By Paula Dugger, M. Ed., Guest Blogger
Whether or not parents are ready for their child to start kindergarten, it is important to prepare children for a successful start. Continue reading to learn about ways to use science nonfiction books as a part of early childhood learning to help young students find the fun in science while developing reading skills and improving vocabulary!
We can all agree that language and vocabulary development are crucial to success when entering school. Once leveled readers become a part of your plans for early childhood education to prepare for early learners for kindergarten science, you will notice a direct effect on building language, vocabulary, and thinking skills. These skills will help young students tap into background information on a wide variety of subjects. As a result, kids will be able to link new information to prior knowledge they already possess.
Young children are curious about everything, so we should expect and welcome their questions. Books about things in motion and things that grow, as well as weather and animal books, are highly beneficial. Not only do science-related texts help develop a scientific approach to questioning and answering, they can even increase a student's capacity for reasoning and logic.
Wordless books are great tools for learners in early childhood education because the children can talk about what they know and ask questions about what is shown on each page. You can gradually move toward picture books containing labels or very simple sentence structure. The progression to leveled guided reading books will help build new information with content-specific vocabulary.
You can make science fun with nonfiction books that cover familiar modes of transportation, such as trains, planes, and vehicles. This can be fun because students may recognize the different forms of transportation and will be ready to explore themes of motion and speed. Go Fast! Go Slow! and Inside a Truck, found in the My World Collection, are wonderful science books for your early learners. Go Fast! Go Slow! uses pictures and labels to show your kids vibrant examples of objects that move fast and slow. For ideas on closing the word gap before kindergarten, you'll find the list of content-specific words at the end of the book extremely valuable. If you're in need of ways to involve families in content-area literacy, the suggested questions for parents to ask before and after reading are great for continued practice at home.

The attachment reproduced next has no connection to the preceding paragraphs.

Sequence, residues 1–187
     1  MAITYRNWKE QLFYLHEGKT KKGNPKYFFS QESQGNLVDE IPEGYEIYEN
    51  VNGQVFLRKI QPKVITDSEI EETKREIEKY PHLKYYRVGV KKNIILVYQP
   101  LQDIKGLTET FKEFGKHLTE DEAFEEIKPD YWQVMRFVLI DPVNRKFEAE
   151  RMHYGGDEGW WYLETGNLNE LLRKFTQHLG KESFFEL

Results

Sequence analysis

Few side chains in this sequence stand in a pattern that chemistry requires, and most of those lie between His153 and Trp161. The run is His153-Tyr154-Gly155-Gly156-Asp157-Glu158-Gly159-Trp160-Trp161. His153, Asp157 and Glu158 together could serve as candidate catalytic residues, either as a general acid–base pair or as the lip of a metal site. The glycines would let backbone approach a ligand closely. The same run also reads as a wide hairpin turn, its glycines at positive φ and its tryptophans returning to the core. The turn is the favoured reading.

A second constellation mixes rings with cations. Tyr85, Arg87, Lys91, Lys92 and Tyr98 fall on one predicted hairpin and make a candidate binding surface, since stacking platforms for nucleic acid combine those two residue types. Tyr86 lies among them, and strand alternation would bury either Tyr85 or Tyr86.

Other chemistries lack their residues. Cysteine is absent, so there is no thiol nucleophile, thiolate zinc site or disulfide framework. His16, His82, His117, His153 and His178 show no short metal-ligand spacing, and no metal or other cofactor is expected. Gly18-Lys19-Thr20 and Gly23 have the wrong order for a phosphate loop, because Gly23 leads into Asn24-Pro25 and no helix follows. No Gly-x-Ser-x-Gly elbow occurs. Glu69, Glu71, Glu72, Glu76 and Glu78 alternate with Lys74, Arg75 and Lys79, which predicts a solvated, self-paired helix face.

Children can show their comprehension of specific concepts, such as “fast” and “slow” while doing routine things like walking, running, dancing, riding in a vehicle, etc. Research indicates that children need over twenty-five exposures to a new word to make it a part of their vocabulary. By introducing and repeating new vocabulary in everyday activities, you will help make new words part of a child’s everyday language.
Another science-related topic that is prevalent in early childhood education is animal life. There are many narrative animal stories for kids, but there are numerous informational texts that support early childhood education’s demand for science-related books about animals. Using nonfiction books about animals, such as Jaguar from the rainforest habitat of Zoozoo Animal World, gives many opportunities to help students link new information to prior knowledge about their favorite creatures.
These books are also helpful for encouraging students to draw pictures and participate in shared writing activities. You can combine the concepts of speed, motion, and animals by having students put animals into categories that “move fast” and “move slow”—activities like this help students have fun while developing real world connections and improving vocabulary.
Reading science books aloud and talking about the weather and seasons during your morning meetings is another easy and natural way to consistently expose students to science vocabulary. Content-area literacy gets a boost by talking about how our daily routines and clothing can be influenced by seasons. This builds oral language and helps students acquire new background knowledge.
You may also consider Four Seasons from the Kaleidoscope Collection to expose readers to simple sentence structure about weather patterns during every season of the year. This book also comes as a big book, which your kids will find really exciting during shared reading.
Using time in daily classroom conversations to discuss how things grow is a great way to excite students about science. Planting a vegetable or flower garden and planning a field trip to a local farm are simple ways to combine learning in the classroom with meaningful experiences in the real world. While these activities are underway, you can reinforce and show students the relationship between two themes by talking about how the weather affects plant growth.With early exposure to informational texts about science themes, the curiosity of your young students will flourish. You can create fun while helping your students develop a large vocabulary, building reading comprehension skills, and fostering higher-level questioning and thinking. Keeping a range of nonfiction books for kids will help make science fun and encourage student explorations.
Be sure to continue checking this blog for more lesson ideas and teaching tips!
Paula is an educational consultant who has previously served as a Reading Recovery Teacher/Teacher Leader, first grade teacher, Title I and high school reading teacher, and a Reading Coordinator. If you like what you read here, you can enjoy more from Paula on our blog.